the weblog of Alan Knox

Missional Stew

Posted by on Jun 23, 2008 in missional, synchroblog | 14 comments

Rick at “The Blind Beggar” suggested a synchroblog to discuss the definition of the term “missional” (see his post “Call for Missional Synchroblog“). To be honest, I don’t know how much I’ll be able to add to this discussion. I’ve only recently begun to consider the meaning and implications of being missional. However, I’m looking forward to reading the other posts, and I encourage my readers to read and consider what other people are saying about the term “missional”.

When I was growing up, the “regional” airport in a large city near us decided that it wanted to steal some of the air traffic away from ATL (Hartsfield-Jackson Atlanta International Airport). Over several years, there were studies and consultants and budgets and votes. Eventually, the airport made a huge decision – they decided to change their name from “regional airport” to “international airport” – as if changing the name would change who they were.

I think many followers of Jesus Christ may be attempting to add “missional” to whatever they already doing. But, adding the label “missional” to their meetings and programs does not make them missional. So, what does “missional” mean?

Several bloggers will be posting and defending their definitions of the term “missional”. To be completely honest, I don’t know exactly what it means. Instead of offering my own definition of “missional”, I thought I would throw a few ingredients into the stew (so to speak). In other words, whatever “missional” means or how “missional” is applied to someone’s life, I think it should include these things (not a comprehensive list):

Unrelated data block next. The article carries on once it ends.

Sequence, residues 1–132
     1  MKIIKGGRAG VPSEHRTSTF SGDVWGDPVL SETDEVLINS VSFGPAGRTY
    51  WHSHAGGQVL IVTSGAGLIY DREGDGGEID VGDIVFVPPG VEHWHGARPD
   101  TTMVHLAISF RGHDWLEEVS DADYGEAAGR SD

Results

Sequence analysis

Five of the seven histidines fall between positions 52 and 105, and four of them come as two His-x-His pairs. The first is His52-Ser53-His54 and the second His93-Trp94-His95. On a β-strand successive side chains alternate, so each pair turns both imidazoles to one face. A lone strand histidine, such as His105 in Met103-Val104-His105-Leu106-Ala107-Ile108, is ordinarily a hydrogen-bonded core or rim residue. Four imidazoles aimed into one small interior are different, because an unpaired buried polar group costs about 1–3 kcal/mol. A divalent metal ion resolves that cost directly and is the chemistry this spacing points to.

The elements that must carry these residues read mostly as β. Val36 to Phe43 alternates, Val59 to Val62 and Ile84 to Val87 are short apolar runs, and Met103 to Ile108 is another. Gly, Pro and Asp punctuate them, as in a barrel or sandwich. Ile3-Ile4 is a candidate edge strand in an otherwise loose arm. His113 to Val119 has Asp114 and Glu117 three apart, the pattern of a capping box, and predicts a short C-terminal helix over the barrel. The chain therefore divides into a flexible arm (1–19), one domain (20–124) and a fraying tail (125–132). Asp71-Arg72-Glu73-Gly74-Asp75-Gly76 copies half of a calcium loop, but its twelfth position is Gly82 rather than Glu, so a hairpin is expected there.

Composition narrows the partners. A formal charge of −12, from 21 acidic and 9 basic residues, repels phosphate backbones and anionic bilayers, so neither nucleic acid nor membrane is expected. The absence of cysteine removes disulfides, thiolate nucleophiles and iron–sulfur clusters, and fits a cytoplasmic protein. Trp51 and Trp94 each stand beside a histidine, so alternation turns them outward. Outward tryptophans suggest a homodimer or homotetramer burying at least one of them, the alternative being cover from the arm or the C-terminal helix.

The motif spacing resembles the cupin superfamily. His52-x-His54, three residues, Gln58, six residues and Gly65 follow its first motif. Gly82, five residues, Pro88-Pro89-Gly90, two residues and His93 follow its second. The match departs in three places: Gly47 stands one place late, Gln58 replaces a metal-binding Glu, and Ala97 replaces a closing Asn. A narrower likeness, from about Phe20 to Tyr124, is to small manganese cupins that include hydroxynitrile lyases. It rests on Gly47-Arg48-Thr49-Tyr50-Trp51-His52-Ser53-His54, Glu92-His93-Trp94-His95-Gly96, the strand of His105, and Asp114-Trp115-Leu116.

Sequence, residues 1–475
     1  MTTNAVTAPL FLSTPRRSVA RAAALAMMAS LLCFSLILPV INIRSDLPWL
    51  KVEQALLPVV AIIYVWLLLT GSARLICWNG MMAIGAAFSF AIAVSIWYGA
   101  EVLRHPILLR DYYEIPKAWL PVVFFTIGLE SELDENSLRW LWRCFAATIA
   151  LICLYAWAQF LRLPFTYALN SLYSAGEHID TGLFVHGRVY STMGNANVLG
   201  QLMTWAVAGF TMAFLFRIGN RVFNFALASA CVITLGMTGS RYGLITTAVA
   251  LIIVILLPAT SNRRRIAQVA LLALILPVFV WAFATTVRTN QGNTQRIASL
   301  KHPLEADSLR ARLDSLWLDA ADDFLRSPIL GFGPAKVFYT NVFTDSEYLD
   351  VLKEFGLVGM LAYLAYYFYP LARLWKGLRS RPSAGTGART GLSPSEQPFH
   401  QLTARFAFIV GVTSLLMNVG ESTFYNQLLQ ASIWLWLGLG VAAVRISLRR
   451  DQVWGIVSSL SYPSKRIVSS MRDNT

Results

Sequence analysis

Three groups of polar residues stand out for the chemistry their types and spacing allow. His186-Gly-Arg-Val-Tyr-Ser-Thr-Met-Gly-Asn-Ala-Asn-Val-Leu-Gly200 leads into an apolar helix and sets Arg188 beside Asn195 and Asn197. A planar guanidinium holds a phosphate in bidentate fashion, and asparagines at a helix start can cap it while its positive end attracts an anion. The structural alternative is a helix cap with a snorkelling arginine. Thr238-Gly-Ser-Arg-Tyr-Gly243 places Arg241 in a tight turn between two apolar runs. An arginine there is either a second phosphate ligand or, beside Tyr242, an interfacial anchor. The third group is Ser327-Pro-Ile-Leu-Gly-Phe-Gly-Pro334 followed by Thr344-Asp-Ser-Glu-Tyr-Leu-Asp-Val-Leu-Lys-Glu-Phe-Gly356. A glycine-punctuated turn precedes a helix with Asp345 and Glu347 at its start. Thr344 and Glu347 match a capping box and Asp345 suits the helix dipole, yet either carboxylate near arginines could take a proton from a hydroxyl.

Gospel: “Missional” is dependent upon the Gospel – the good news of Jesus Christ. I’m not talking about a “gospel presentation”. I’m talking about living a life that is reconciled to God through the finished work of Jesus Christ and the continuing work of his Spirit. It means recognizing that just as God has reconciled us to himself, he desires to reconcile “all things” to himself.

Relationship: “Missional” is relational. I don’t see any other way around it. God includes his children in his mission toward other people. It is a relational mission – both relationship with God and relationship with one another and relationship to the world.

Intentionality: “Missional” requires intentionality. I do not see how someone can be accidentally missional. This does not mean that missional activities are always pre-planned – they can be spontaneous. But, spontaneous acts of mission can still be intentional.

Cost: “Missional” is costly. This does not mean that you are being missional by only giving money. However, it does mean that living a missional life will cost you money, time, and energy, among other things. It may even cost your reputation (especially among religious types).

Love: When I originally wrote this post a couple of weeks ago, I did not include “love” as an ingredient in my missional stew. Why? Because I thought “love” was obvious. However, after further thought, I think “love” needs to be a part of any definition of “missional” – both the love of God and the love of others – both the love of other believers and the love of those who are not followers of Jesus.

Like I said earlier, I’m looking forward to reading more posts that actually define the term “missional”. I hope that many of them include some of these ideas.